The primary method to achieve profitability is through the process of revealing and selling previously unknown and unused capacity. This process will build trust and forge the necessary culture required to maintain long-term competitiveness.

Transforming the principles into strategies and tactics

Similar to the way values form a basis for people worthy of respect, these principles lay the proper foundation for long-term competitiveness. As the operations or TPM manager, you are now armed with profound knowledge about your role in the overall system and the factors limiting the bottom-line results of your TPM program, but you are faced with the fact that much of what has been discussed here is not under your direct control or authority. At this stage, you should remember the lessons of using guided discovery in teaching TPM and Autonomous Maintenance to the team members. Continue to help both the executives and the team members understand the "whys" behind your requests.

Use the guided discovery approach to level set your peers, employees, and management on the principles behind the following tactics. When this approach is combined with some successes, you will be building the necessary trust and knowledge to move your company forward. The following tactics will help transform the principles into aligned goal seeking action.

The Tactics

1. Find the constraining process. Look for inventory accumulating in front of a process or identify the machine that everyone is complaining about. If you guess wrong, the constraint will likely reveal itself shortly. In other words, don't spend too much time looking for the perfect candidate, just pick one.

2. Determine how to get the most out of the constraining process. Make it the TPM priority. In operations, installing quick-change set-up fixtures can reduce process time. Encourage maintenance to respond to a constraining equipment problem like a 911 call. It might even be a good idea to have maintenance parts kits and tools stationed at the machine.

3. Buffer the constraining process so it will not starve because of upstream variation. The size of the buffer is a function of the variation and reliability of the upstream machines.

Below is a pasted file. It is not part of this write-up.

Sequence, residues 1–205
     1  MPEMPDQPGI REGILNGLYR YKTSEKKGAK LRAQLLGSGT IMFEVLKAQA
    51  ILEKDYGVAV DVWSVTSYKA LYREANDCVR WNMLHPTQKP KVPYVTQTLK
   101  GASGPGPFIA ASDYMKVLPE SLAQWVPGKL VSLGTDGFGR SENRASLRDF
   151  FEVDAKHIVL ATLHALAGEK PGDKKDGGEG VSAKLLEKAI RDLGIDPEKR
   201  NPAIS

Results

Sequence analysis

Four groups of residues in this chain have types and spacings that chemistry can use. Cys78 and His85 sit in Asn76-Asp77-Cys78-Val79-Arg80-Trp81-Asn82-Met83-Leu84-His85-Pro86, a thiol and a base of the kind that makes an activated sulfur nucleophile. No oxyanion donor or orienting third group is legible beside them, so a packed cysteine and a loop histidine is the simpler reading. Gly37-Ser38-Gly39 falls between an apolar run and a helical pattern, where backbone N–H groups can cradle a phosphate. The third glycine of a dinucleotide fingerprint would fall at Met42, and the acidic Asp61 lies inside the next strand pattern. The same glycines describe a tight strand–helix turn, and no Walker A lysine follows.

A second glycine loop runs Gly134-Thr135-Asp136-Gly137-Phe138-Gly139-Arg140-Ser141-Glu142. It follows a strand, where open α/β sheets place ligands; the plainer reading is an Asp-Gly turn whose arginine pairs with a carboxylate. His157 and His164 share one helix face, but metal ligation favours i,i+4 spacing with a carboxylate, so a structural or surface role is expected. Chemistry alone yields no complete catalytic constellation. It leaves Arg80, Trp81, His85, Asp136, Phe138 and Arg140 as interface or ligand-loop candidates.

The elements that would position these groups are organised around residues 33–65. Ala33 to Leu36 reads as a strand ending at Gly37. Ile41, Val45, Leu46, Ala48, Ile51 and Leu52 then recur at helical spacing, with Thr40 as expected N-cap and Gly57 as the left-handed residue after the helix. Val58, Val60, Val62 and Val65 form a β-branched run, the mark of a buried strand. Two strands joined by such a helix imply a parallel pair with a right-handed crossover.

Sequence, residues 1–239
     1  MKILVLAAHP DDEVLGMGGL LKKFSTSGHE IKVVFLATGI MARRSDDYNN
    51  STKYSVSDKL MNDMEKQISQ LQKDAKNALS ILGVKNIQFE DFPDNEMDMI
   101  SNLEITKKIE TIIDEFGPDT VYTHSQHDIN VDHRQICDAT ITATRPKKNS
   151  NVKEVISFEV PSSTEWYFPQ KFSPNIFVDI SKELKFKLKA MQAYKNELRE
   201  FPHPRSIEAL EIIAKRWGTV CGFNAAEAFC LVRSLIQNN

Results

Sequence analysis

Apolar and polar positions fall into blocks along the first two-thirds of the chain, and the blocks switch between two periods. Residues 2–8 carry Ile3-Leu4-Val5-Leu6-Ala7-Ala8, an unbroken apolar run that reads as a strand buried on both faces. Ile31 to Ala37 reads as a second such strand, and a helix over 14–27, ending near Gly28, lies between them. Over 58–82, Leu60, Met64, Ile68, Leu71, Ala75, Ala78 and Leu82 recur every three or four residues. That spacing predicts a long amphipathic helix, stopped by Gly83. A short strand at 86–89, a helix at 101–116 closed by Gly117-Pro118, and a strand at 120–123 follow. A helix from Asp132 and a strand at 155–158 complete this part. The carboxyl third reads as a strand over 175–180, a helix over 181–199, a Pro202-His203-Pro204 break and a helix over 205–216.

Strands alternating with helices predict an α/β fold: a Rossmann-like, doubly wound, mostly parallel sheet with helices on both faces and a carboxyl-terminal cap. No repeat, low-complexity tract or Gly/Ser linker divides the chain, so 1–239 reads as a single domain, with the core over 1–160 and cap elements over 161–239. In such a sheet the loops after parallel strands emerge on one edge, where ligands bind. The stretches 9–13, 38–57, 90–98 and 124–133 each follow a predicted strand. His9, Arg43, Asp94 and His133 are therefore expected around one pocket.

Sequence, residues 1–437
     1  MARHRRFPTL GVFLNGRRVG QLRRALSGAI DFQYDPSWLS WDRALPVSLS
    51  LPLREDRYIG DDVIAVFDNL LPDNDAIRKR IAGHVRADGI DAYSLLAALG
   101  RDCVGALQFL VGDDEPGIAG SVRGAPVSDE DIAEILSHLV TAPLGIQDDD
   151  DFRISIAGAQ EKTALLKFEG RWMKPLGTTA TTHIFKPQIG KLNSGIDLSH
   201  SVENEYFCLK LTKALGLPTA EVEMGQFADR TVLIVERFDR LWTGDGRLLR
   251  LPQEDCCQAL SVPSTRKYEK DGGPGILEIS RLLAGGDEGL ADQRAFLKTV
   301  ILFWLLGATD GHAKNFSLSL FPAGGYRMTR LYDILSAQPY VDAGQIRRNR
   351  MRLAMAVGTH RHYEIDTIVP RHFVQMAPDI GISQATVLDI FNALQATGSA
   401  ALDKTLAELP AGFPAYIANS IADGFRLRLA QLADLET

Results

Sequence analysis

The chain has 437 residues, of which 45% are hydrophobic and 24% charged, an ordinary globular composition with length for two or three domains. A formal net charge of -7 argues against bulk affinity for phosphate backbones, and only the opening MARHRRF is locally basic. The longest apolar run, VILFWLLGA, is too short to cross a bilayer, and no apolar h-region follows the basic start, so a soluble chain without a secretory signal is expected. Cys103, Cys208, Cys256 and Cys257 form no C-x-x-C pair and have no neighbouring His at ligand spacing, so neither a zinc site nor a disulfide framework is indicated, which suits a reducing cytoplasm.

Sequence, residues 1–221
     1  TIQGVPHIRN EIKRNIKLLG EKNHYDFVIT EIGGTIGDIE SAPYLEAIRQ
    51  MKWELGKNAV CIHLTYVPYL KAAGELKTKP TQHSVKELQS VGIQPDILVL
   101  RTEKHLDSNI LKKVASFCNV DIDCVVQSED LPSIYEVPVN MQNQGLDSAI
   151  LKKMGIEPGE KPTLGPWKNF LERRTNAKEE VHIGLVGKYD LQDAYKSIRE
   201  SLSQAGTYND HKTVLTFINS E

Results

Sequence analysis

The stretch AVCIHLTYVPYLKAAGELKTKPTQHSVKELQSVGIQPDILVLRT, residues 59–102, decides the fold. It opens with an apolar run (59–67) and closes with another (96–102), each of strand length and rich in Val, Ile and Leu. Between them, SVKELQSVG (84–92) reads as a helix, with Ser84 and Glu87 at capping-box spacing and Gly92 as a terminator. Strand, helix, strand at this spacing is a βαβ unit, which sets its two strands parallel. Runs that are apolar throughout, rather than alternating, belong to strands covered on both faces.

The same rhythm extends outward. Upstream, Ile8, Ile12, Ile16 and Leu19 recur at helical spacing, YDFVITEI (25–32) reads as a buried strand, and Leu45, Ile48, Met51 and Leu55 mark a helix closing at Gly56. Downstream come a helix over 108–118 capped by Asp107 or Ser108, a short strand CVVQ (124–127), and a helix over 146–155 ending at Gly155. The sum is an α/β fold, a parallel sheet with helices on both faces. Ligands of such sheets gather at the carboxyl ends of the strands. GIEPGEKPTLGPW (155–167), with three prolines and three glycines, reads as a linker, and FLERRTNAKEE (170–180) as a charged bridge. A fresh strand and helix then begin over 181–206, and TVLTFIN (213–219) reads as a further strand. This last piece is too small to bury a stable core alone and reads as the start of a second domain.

4. Train all involved to know their impact on the constraining resource and when decisions must be made for the benefit of the constraint over other needs.

5. Be mindful of nonconstraint resources. Ensure these resources have enough sprint capacity where they can make up for lost production. Add TPM selectively at first. Prevent accelerated machine deterioration. Remember, a perfect machine will not gain any more production at the constraint. Maintenance priority for trouble calls should be judged by the current constraint buffer size. When prioritizing a trouble call for a machine in front of the constraint, answer the following question: "How long before the constraint is starved?"

6. Work with marketing and sales so they are prepared to sell the new capacity. Of course, they may not believe you at first, but your increase in ontime delivery rates will give you credibility.

7. Begin working with the CFO. Explore whether you can get the CFO to become your mentor. If you can inquire into the reasons why something is done the way it is, you may be able to dissolve the conflict. Gaining the confidence and trust of the CEO and CFO can be a daunting challenge.

8. Be vigilant. If the constraint capacity is dramatically improved, it may no longer be the constraint. When that happens, start again with tactic 1.


TPM is certainly a necessary part of operating a healthy company. A production system without a healthy skeletal backbone will always be fighting ailments. However, increasing machine efficiencies will NOT improve profits, unless improvements occur at the constraint or weakest link and the increase in production results in increased sales.

Armed with this insight, you as the TPM manager are in a good position for helping the company take its next steps to reach its aim. Gaining the cooperation of other managers will be difficult (tactic 7). At first you will likely be seen as meddling in some one else's responsibility. Learning to view through the eyes of another is a valuable skill — genuine inquiry, friendly persuasion and persistence will carry the day. Remember, you now have insights to help the CEO, CFO, operation manager, and sales manager solve their problems. By helping them solve their problems you will gain credibility and further your ability to solve your problems.

Author Information
Steve Dightman recently retired from a Fortune 15 company where his focus was building knowledge and skills in others. Today, Mr. Dightman is a Principal with RegularGuys Consulting where his focus is helping business leaders achieve their business goals by leveraging their unknown capacity and hidden opportunities in their organizations. He can be contacted by email at stevedightman@theregularguys.com , or by telephone at 253-988-0878.

The Nine Principles:

Principle 1 : Hold a systems view.

Principle 2 : The production system can be viewed as a chain with a weakest link. The weakest link limits the output of the entire system.

Principle 3 : Any waste or loss at the weakest link is a loss to the entire production system.

Principle 4 : Resources before and after the weakest link, by definition, have capacity to catch up with the weak link, subject to variation.

Principle 5 : Increased production capacity of the weakest link must be sold, otherwise there is no gain for the system.

Principle 6 : Constraint processing time affects profits.

Principle 7 : Simplify corporate measures. Avoid allocation of partially variable expenses.

Principle 8 : Plan for the unwanted results of changes as well as the desired benefits.

Principle 9 : Do not penalize people.